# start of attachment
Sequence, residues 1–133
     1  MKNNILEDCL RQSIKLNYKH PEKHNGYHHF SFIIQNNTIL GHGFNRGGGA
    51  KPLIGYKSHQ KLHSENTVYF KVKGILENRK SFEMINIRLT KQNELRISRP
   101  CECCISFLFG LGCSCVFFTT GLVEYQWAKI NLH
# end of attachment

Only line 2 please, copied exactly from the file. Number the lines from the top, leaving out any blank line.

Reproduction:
     1  MKNNILEDCL RQSIKLNYKH PEKHNGYHHF SFIIQNNTIL GHGFNRGGGA